Yesterday my teachers asked me how my daily devotions and my relationship with Loki were going. I never know how to answer open-ended questions like that on the spot, but they do make me think.
I didn’t have anything resembling a daily devotional practice until last year, when I received my first degree and finally opened my ears to Loki’s call. I would play at it a bit here and there, but it was never regular. It always took second place and it always fell by the wayside. I even set up an altar once when we first moved into our current house, but keeping the kids out of it and keeping it maintained proved to be too much, and it didn’t last long.
After accepting Loki’s call, I set up an altar. It’s not really an altar just to Loki, although he is featured on it and his offering glasses are there. It’s a general altar, my place to leave spells to run and have remembrances. It’s not very big, just a spot on top of my microwave, but I find that this forces me to be very mindful of what I place there and how long it stays. Clutter just can’t fit. It’s been there continuously for more than a year now, the longest I’ve ever had one in place, and it is a big enough part of my day now that I take it with me when I travel.
Last year I worked through T. Thorn Coyle’s Crafting a Daily Practice online course. The course uses one of her books to try out lots of different ideas for daily practice, including meditation, chanting, journaling, exercise, candles, and more. For a few months I worked at this, meditating daily, journaling daily, lots of things. But as before, it grew to be too much and got squeezed away. What remains is the daily recital of my prayer beads and a Hail to Loki, lighting my candle (and incense if Brian is not home), and placing offerings of food and drink.
A few months ago, I felt that tapping on my shoulder again, that knocking on my mental door from Loki. Reflection and readings seemed to indicate that it was time for something more from me, more that just an acknowledgement of His attention and a reflection on His role in my life. I began to compare myself to others around me and find myself lacking, thinking I didn’t spend enough time in worship and prayer.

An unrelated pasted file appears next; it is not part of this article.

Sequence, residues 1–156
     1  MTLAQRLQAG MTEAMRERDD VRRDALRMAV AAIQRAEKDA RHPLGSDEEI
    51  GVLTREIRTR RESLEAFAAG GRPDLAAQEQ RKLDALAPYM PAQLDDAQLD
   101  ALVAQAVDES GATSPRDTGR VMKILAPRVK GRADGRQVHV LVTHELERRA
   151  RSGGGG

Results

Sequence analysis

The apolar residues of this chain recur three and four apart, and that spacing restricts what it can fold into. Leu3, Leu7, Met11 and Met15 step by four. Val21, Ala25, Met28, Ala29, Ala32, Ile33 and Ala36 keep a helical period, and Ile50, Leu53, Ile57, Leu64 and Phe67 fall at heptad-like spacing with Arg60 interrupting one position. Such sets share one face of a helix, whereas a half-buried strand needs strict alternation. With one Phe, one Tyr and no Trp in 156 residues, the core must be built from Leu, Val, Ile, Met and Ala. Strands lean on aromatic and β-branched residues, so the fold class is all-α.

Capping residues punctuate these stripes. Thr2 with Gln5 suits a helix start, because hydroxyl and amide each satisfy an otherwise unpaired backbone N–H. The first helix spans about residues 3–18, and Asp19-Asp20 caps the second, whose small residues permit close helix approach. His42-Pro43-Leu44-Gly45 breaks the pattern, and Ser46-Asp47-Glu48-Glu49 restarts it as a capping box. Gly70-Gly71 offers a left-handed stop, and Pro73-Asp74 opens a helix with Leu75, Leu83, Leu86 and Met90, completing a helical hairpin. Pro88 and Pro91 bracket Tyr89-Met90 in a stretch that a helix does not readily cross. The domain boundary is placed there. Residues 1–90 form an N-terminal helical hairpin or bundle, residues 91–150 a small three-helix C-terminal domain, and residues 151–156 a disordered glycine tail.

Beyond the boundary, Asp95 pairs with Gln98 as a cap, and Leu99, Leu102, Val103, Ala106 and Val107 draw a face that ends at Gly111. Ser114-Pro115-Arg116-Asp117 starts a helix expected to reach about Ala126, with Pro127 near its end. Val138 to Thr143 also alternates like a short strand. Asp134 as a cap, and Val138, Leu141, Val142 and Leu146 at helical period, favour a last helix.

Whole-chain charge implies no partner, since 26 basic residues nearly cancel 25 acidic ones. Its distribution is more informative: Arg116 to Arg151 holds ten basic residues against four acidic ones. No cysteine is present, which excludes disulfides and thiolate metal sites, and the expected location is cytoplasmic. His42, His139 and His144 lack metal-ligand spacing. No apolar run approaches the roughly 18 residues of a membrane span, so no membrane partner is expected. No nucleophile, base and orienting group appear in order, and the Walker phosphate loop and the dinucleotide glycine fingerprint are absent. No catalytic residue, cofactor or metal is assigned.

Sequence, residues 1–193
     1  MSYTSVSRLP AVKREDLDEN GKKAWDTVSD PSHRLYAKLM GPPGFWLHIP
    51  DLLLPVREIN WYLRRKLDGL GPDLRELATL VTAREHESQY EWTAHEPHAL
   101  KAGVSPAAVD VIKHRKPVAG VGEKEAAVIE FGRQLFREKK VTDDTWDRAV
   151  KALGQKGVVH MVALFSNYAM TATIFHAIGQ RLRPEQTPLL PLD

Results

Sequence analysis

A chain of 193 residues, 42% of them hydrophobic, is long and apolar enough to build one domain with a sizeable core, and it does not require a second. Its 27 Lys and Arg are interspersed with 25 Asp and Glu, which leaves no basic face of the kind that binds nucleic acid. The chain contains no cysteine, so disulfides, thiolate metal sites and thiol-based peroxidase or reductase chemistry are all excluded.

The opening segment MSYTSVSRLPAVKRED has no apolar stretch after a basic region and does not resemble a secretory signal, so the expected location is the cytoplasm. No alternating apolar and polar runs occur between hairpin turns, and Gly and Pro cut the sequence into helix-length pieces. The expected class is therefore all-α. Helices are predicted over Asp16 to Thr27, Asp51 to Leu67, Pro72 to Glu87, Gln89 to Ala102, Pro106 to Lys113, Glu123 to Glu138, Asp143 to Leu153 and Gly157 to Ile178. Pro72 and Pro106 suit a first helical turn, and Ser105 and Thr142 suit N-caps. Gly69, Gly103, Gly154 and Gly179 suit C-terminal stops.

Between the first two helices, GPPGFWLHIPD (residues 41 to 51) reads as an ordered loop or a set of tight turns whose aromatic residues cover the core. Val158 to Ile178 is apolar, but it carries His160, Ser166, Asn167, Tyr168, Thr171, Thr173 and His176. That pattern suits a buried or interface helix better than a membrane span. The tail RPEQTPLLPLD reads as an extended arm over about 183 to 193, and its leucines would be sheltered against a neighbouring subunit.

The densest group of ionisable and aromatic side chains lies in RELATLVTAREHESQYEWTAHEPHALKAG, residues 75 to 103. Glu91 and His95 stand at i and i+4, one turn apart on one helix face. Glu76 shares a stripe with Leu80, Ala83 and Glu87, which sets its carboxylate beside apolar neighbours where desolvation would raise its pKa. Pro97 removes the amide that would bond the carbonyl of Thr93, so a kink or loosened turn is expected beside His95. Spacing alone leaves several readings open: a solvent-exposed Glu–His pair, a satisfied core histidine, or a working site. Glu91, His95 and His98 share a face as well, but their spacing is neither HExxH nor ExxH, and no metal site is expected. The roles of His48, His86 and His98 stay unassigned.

I realize now that was the wrong way to look at it.
My life is full of chaos. I have a few anchors in it, like reading and having my drink and a smoke at the end of the day, that help me relax and take stock. But mostly it’s running around, from waking to sleeping, with constant distractions and emergencies. Try as I might, regularity and predictability are hard to come by. Nobody else has my life. Nobody else has my relationship to the world.
Why should I worry about how my daily practices stack up to someone else’s? My life doesn’t look like anybody else’s. My practice doesn’t have to look like anybody else’s, either.
I said earlier this year that I felt my first year of following Loki was like an appenticeship or a postulancy, a time to reflect and learn and make sure of my path. This year feels more like taking the first steps down that path. Rather than sitting quietly, I am working to get out into the world more. Rather than continuing to beat my head against the goal of routine and ticking off checklists (definition of insanity?), I am working to set life goals and work towards them, to not worry so much about all the little things (because there’s damn sure a lot of them around here).
I find myself smiling and laughing more, finding humor and joy in things a little more and getting frustrated a little less. I might laugh at something only I think or see. I switch tasks when I lose flow and focus without worrying about trying to follow a straight line from beginning to end of something.
My role is to set down new paths, to find rules of life and behavior and break them, to find boundaries and cross them. I am here to break expectations, to shatter molds.
That is my daily devotion, and I don’t find it at an altar or in front of a candle (unless I feel like it). I find it in everything I do and see, the little extra light in my day, an extra star shining at night.
Mmmmm. Blessed be.
(This bit particularly spoke to me:
“Nobody else has my life. Nobody else has my relationship to the world.
“Why should I worry about how my daily practices stack up to someone else’s? My life doesn’t look like anybody else’s. My practice doesn’t have to look like anybody else’s, either.”)
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